It might purely be confirmation of what many mom and dads have already known for a while, but new research on Thursday showed that kids and teenagers have more confidence and knowledge of communications technology than adults.
The research by U.K. communications regulator Ofcom said that a "millennium generation" of 14- and 15-year olds are the most technology-savvy in the U.K. It also states that six-year olds claim to have the same understanding of communications technology as 45-year olds.
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The study compiles answers from nearly 2,000 adults and 800 children and calculates an individual's "digital quotient' score, or DQ. More than 60 percent of people aged 55 and over have a below average DQ score, it said. Six-year olds have a score of 98, 15-year olds have a score of 113 and 45-year olds have a score of 96.
"It shows that we hit our peak confidence and understanding of digital communications and technology when we are in our mid-teens; this drops gradually up to our late 50s and then falls rapidly from 60 and beyond," the Ofcom report said.
These young adults are the first generation to benefit from broadband communications while growing up and are developing fundamentally different communication habits than older generations, it said, even when compared to the advanced 16-24 age group above it.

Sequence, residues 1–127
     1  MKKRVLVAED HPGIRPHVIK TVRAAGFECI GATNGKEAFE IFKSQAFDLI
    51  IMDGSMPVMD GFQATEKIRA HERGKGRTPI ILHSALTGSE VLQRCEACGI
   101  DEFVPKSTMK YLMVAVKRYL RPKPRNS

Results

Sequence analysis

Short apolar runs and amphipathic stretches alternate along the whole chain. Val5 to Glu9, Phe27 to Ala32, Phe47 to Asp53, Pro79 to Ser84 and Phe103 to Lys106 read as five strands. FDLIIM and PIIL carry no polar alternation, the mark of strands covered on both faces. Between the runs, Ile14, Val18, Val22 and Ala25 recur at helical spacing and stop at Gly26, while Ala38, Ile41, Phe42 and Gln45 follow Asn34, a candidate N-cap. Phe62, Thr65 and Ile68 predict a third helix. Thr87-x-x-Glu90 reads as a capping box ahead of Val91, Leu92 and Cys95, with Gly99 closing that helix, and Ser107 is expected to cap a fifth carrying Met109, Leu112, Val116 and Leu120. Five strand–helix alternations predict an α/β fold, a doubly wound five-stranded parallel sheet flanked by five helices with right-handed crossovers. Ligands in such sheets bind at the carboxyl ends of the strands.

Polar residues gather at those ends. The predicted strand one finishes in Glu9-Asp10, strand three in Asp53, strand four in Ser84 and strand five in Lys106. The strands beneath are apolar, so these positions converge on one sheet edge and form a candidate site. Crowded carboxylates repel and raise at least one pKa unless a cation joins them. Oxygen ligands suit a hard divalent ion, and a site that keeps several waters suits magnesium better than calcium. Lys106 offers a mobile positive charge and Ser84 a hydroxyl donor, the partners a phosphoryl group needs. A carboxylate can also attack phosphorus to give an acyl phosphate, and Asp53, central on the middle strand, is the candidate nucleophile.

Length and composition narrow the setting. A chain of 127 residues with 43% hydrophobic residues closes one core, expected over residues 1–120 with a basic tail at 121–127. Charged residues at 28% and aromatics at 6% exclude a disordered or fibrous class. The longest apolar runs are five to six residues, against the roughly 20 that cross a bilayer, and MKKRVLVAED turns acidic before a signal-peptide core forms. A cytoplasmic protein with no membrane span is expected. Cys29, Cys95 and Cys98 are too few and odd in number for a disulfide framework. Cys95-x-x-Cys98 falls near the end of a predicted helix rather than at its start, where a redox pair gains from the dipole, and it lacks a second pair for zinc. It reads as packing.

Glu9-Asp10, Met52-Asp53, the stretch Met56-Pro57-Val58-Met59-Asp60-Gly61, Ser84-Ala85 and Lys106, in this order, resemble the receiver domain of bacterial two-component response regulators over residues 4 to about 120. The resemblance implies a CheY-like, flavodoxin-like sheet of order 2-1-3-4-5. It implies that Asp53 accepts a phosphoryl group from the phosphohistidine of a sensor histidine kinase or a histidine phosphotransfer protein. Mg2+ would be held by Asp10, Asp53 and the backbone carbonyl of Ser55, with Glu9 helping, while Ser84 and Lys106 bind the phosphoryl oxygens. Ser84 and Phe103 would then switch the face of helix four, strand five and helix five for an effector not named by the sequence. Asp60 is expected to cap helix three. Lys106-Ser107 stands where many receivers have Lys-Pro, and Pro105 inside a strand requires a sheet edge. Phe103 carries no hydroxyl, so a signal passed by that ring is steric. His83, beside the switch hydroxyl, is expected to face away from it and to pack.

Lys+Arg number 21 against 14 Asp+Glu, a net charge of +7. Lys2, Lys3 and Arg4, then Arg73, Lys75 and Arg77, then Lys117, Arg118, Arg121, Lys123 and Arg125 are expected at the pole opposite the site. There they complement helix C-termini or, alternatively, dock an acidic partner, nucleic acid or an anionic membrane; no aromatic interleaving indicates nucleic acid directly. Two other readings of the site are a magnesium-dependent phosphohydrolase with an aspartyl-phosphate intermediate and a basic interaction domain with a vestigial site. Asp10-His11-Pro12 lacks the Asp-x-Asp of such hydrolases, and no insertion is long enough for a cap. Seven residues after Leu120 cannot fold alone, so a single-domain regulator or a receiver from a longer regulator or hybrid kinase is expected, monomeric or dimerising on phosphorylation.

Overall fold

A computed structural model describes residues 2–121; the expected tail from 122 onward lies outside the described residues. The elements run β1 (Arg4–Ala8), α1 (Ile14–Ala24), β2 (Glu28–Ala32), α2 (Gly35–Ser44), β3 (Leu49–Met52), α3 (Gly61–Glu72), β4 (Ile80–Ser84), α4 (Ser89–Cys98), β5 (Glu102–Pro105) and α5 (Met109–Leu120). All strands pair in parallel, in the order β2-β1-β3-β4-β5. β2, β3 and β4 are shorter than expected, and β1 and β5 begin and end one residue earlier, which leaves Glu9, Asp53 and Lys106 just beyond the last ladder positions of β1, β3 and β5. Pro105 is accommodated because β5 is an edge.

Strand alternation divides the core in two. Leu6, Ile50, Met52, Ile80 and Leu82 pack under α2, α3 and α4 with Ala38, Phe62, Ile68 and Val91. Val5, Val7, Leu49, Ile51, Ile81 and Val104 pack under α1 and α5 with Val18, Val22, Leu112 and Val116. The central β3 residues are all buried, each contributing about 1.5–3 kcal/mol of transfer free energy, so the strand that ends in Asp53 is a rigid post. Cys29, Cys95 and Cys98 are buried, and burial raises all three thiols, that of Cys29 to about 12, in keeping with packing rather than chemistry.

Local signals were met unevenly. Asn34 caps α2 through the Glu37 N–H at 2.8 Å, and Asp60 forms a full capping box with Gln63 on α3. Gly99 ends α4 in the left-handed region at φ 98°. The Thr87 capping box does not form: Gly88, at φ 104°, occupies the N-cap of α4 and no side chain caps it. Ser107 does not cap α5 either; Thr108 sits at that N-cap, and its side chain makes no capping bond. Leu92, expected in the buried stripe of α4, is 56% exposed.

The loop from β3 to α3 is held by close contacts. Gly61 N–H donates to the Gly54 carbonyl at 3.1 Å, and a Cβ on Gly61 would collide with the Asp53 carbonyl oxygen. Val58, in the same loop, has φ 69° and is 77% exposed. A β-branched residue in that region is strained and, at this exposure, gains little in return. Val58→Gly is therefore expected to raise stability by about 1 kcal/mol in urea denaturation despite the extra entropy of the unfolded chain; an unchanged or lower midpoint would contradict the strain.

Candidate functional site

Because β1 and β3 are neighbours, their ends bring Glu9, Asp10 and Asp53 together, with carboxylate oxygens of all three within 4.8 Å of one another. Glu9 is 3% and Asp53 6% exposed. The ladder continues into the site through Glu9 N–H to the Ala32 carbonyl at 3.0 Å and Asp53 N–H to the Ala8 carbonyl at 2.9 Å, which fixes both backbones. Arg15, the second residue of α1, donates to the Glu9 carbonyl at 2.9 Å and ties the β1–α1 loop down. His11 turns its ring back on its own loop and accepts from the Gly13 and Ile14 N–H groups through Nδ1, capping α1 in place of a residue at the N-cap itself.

"Children aged 12-15 are turning away from talking on the telephone. Just 3 percent of their communications time is spent making voice calls, while the vast majority (94 percent) is text based - such as instant messaging and social networking," Ofcom said.
"Older generations still find it good to talk: 20 percent of U.K. adults' communications time is spent on the phone on average."
The same report also finds that the average U.K. adult now spends more time using media or communications than they do sleeping. It added that 16-24-year olds spend the most time on media and communications and cram over 14 hours of media activity into 9 hours 8 minutes each day by multi-tasking with different screens.